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Tuesday, February 20, 2024

Building community partnerships and preparing the future business leaders of tomorrow

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Colleges and universities are committed to building partnerships that help shape students’ lives, and that includes community engagement. Such is the case with the Center for Leadership Development (CLD) and the Kelley School of Business Indianapolis, which is located on the Indiana University-Purdue University Indianapolis (IUPUI) campus. For the past five years, 10th-, 11th- and 12th-grade students have enrolled in the CLD’s Business Orientation Project (BOP) and spent nearly a dozen Saturdays on the IUPUI campus to help shape their educational futures.

The CLD’s mission is to foster the advancement of minority youth in central Indiana as future professional, business and community leaders by providing experiences that encourage personal development and educational attainment. It started back in the mid-1970s when Indianapolis leaders identified a number of reasons African-American youth weren’t graduating from high school, entering college or finding rewarding careers. The center’s leaders discovered that youth didn’t value education as a goal, and they weren’t aware of the options available to them. 

Thus, the birth of the Center for Leadership Development, which worked to respond to the obstacles facing minority youth. BOP is among the center’s many programs and events. During these students’ weeks on campus, local business leaders and educators guide them to help the students set business career goals. They learn about the business world, how to write business plans, how to communicate with third parties and to interview successfully.

The program guides, encourages and empowers youth toward a college career. Because BOP is hosted on a college campus, participating youth get a glimpse of what their futures will look like. As the Kelley liaison to the program, I encourage participants to ask me questions and to talk with me along the way. I hope I am a role model for these youth — and all youth — by imparting my knowledge and showing them the route I took to be successful.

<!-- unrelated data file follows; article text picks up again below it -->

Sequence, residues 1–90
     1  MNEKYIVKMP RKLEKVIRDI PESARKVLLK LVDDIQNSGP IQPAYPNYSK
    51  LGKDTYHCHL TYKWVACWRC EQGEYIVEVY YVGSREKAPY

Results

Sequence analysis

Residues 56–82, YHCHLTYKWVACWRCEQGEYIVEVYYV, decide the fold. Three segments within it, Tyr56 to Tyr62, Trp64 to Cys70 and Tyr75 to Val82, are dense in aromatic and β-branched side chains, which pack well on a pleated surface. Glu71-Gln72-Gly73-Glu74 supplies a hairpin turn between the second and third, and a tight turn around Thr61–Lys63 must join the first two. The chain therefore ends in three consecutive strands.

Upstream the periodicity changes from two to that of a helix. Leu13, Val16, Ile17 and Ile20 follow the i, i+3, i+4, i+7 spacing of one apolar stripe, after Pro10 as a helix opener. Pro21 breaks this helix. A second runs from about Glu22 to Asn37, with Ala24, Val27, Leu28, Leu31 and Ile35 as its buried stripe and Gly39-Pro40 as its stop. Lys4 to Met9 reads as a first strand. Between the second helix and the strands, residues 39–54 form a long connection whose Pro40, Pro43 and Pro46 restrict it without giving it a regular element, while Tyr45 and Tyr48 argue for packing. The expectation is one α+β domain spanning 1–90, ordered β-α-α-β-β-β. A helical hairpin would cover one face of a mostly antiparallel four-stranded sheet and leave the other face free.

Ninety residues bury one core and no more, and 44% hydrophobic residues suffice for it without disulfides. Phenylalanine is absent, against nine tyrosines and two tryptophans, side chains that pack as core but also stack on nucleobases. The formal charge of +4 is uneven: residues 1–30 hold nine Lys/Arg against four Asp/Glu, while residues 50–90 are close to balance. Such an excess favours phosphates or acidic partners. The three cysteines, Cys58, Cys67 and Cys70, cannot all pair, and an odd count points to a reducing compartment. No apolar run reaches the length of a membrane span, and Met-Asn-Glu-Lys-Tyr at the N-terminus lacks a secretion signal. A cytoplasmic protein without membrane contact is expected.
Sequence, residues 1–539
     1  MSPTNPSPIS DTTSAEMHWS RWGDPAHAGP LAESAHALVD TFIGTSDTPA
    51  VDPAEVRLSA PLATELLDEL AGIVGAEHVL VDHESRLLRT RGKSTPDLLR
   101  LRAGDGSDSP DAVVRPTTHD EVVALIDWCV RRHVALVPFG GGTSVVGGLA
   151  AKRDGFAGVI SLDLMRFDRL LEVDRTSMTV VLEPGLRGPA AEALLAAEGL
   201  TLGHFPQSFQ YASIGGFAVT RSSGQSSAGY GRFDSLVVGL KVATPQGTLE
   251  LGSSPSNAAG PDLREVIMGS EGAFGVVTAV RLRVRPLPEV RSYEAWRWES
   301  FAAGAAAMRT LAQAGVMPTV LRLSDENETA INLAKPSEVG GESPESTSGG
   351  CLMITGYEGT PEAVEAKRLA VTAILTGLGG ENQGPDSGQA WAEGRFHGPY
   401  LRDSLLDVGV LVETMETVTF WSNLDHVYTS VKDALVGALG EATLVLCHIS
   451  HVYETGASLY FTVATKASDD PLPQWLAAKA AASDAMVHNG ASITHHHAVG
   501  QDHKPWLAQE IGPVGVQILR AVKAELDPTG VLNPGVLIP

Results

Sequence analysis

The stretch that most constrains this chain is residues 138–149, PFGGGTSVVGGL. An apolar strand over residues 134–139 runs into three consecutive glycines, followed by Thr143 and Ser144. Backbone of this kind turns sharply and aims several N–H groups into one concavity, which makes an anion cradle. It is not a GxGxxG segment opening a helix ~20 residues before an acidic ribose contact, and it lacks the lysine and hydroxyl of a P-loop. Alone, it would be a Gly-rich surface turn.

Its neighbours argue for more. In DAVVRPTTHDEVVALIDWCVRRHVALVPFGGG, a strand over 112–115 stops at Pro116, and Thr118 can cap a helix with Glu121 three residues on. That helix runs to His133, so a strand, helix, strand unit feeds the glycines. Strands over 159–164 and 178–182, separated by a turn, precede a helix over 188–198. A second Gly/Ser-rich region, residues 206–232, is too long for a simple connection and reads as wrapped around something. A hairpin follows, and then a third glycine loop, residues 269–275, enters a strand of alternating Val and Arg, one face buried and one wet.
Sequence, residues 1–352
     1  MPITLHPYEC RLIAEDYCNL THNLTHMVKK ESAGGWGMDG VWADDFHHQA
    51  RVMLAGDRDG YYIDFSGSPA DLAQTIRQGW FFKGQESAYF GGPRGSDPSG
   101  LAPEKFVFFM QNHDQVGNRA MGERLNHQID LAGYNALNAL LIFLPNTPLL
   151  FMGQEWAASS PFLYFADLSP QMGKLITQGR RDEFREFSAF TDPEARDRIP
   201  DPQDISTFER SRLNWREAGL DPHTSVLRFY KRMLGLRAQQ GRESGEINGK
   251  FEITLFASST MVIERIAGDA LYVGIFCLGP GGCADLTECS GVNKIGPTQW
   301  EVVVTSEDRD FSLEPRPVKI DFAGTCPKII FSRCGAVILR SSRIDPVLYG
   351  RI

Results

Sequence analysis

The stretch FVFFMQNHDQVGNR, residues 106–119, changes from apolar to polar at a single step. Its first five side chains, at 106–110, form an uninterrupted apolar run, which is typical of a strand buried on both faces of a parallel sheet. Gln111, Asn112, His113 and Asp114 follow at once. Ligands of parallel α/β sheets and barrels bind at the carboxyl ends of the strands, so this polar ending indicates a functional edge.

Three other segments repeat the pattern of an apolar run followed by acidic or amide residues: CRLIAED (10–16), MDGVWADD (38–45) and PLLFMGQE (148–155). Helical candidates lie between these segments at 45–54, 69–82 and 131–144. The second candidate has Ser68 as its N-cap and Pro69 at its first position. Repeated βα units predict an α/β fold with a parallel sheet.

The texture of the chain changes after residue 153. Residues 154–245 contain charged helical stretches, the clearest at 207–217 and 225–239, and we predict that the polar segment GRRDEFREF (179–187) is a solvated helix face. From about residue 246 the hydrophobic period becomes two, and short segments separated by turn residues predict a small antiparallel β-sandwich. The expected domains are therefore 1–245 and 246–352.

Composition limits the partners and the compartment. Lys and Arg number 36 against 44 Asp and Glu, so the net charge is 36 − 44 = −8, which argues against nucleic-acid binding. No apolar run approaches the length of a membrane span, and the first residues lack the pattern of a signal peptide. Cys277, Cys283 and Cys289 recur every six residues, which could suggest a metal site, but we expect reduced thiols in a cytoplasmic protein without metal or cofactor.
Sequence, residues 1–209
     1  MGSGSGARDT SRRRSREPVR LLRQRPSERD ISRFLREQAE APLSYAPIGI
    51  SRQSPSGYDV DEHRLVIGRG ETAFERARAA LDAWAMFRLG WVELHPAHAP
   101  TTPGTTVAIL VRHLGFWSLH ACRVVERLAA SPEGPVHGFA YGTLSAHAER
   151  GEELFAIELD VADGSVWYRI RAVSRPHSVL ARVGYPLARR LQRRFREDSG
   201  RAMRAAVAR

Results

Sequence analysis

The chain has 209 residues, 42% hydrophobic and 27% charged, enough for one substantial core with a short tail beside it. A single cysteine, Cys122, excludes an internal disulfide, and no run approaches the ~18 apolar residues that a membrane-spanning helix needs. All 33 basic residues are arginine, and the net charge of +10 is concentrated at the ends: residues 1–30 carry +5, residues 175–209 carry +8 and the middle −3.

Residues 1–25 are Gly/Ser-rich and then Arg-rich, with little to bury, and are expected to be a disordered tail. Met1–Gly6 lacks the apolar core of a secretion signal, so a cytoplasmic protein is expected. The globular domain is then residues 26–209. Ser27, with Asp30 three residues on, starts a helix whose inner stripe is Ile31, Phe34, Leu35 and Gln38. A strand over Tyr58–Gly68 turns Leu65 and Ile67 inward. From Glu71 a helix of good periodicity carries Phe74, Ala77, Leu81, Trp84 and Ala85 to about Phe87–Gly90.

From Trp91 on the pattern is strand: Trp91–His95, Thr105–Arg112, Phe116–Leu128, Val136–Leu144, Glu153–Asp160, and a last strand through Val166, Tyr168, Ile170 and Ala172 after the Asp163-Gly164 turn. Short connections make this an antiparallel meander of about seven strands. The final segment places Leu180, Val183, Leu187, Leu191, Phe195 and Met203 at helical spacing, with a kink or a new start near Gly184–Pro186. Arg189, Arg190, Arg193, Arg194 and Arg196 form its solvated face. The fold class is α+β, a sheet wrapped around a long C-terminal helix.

I asked Kelley Indianapolis’ Executive Dean of Faculty and Research Ken Carow about the program and the benefits it provides these students.

“This program prepares students with life skills that are beneficial no matter what careers they seek,” Carow told me.

“CLD specializes in college preparedness, and I am impressed each time I have attended a CLD event. Students are welcoming, articulate and professional. They ask very relevant questions that set them up for success in college. Most of all, you can see the students have a high level of self-confidence,” he added. “When students combine self-confidence with knowledge, the sky is the limit on their potential. The Kelley School is proud to work with and sponsor CLD.”

If you talk to those who work with the Center for Leadership Development, they’ll tell you that learning directly from community business leaders makes a big impact on youth.

“Students are extremely excited to interact with and learn from central Indiana business leaders,” said Jonathan Jones, program coordinator at CLD. “Not only are students learning about various careers fields, but they are also recognizing the value of their own professional brands and how they are perceived by others. It is a valuable lesson in professionalism that will help students to pursue viable careers and have successful futures.

“Business is about creating the type of conditions and practices that are suitable for growth and profit. Learning how to do that and the impact industry decisions can have on people, communities and adjacent environments is incredibly important. This is why business is everything, and everything is business.”

The CLD and Kelley Indianapolis partnership is one example of the impact that emerges when universities and community organizations work together to boost student success and future business leaders in our community.

The CLD has identified five principles for success — values it says develop and prepare youth for academic achievement, career success and community service.

Those five principles are character development, educational excellence, leadership effectiveness, community service and career achievement. I’m encouraged about the future here in Indianapolis — especially about these future business leaders of tomorrow.


Darrell Brown, Ph.D., is a clinical associate professor of management and director of diversity at Indiana University Kelley School of Business Indianapolis.


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